- For those more likely to scar may elect for Druezol QID for 1 month and then TID for 2 weeks BID for 2 weeks Qday for two weeks
- Antibiotics QID for 1 week and then stop
- NSAIDS only if phaco/trab
- Stop all glaucoma drops at time of surgery to promote flow through the flap and reduce risk of scarring. But OK to restart if IOP not controlled despite best efforts and promoting flow through bleb
- Avoid prostaglandins after surgery (can increase inflammation around bleb). Ok to restart if bleb failed
- Consider early needle bleb revision (within 3 months of original surgery) to try and revive bleb
- Recheck POD#1 and then weekly for 4-6 weeks
- Wound Leak: if there is a small conjunctival wound leak then stop NSAID, stop steroid, consider aqueous suppressant and consider large diameter BCTL use until leak resolved. OK to restart steroid/NSAIDS and stop aqueous suppressants after leak healed
- If the AC is moderately shallow may consider cycloplegia to rotate the ciliary body posteriorly and deepen the chamber
- Carlo Traverso Maneuver: Used for opening scleral flap in the early post-operative period with elevated IOP.
- Have the patient look down while pressing firmly on the upper eyelid posterior to the scleral flap in an attempt to open the trap door.
- If this does not work you can also have the patient look up and press inferiorly. You hope to see increase in the bleb size indicating improved flow.
- This second technique can be taught to the patient for them to do at home in the setting of a failing bleb (stress to use the broad base of your finger and press firmly.)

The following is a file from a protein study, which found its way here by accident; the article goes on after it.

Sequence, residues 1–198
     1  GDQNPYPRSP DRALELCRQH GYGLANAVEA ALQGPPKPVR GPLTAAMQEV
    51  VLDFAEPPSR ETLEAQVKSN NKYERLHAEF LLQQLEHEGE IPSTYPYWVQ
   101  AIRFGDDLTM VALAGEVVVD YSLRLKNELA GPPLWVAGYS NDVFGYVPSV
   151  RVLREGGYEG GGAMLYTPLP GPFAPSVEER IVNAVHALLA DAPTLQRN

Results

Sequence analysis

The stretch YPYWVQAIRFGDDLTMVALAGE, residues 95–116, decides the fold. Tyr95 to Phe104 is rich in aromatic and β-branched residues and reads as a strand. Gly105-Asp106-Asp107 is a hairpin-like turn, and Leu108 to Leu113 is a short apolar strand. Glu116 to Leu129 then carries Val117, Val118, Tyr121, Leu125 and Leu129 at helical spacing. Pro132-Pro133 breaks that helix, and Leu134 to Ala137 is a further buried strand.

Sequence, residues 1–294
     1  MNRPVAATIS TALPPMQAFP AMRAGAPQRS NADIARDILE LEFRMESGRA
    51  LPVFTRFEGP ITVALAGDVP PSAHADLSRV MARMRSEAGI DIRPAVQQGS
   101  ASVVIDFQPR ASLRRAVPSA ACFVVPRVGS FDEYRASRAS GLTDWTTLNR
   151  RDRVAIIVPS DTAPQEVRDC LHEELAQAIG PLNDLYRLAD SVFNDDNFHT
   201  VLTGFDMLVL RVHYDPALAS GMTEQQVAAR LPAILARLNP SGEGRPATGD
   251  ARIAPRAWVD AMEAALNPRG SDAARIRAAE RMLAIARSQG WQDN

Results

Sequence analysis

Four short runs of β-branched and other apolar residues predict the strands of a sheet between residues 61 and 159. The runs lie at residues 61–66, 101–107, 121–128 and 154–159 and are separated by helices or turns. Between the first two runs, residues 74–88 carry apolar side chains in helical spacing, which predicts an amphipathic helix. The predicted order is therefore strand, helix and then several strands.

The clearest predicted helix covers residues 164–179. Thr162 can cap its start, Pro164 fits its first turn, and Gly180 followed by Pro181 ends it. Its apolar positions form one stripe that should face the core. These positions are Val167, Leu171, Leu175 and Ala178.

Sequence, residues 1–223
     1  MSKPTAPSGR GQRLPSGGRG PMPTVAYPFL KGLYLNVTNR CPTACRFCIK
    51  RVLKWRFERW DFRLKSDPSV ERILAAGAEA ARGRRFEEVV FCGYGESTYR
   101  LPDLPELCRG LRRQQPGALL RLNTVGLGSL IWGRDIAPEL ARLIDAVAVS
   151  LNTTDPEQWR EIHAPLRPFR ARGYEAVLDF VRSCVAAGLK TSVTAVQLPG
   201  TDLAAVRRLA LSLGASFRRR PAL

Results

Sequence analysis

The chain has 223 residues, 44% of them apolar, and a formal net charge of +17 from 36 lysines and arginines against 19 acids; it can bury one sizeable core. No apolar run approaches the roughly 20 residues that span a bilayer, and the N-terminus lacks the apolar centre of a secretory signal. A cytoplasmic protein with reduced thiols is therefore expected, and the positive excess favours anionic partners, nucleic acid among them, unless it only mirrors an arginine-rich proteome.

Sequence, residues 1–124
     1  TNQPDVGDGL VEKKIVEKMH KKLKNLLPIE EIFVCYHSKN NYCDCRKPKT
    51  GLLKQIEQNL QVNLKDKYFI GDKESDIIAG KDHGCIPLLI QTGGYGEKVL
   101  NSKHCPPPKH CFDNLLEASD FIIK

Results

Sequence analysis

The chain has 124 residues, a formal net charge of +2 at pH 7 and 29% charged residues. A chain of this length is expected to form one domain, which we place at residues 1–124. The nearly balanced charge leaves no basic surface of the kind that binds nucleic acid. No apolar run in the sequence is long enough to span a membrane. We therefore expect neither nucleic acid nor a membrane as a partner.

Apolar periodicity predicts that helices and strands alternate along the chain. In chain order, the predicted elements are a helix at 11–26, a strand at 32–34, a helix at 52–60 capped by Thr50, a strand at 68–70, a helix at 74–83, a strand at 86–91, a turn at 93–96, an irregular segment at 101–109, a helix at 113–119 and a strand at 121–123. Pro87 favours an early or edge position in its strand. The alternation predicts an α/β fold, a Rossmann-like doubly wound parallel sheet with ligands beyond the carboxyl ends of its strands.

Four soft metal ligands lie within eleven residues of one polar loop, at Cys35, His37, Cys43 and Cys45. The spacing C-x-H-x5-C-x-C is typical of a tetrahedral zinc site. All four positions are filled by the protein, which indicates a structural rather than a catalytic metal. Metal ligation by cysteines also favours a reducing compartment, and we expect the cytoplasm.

- Suture Lysis:
- Ok to perform as early as 1 week depending on response to digital pressure.
- Cut suture away from the scleral flap to decrease risk of scarring
- Check response to suture lysis immediately and if you need to cut another suture the same day you can
- 5-FU: Consider 5-FU for trabs at high risk of failure (0.1ml of 50mg/ml concentration = 5mg)
- At the VA you have to request this as an inpatient non-formulary request and have the pharmacy deliver it to clinic (or send someone down to get it)
- Do NOT inject over the scleral flap or in the bleb. Instead inject adjacent to (or even 180 degrees away from the bleb)
- Use 30 gauge needle bevel down and slide just under the conjunctiva. If some 5-FU leaks out then use q tip to reduce more leakage and rinse cornea to reduce risk of epithelial breakdown
- Repeat up to 3 times with 2-3 days between each injection
- Needle Revision: Often reserved for after aggressive PF, suture lysis and 5-FU fail, but these steps should all occur quickly so that needling can occur at within 3 months of original trab.
- Can be done at the slit lamp but most likely will be taken to the OR.
- Use 30 gauge needle essentially as a crow bar to break adhesions and lift the scleral flap and reform the bleb.
Faculty Approval by: Craig Chaya, MD
Copyright statement: Russell Swan, MD, ©2016. For further information regarding the rights to this collection, please visit: http://morancore.utah.edu/terms-of-use/
Swan, R and Chaya, C. Phaco-Trabeculectomy . Moran CORE. Available at: http://morancore.utah.edu/section-14-ophthalmic-surgery/phaco-trabeculectomy/. Accessed July 27, 2016.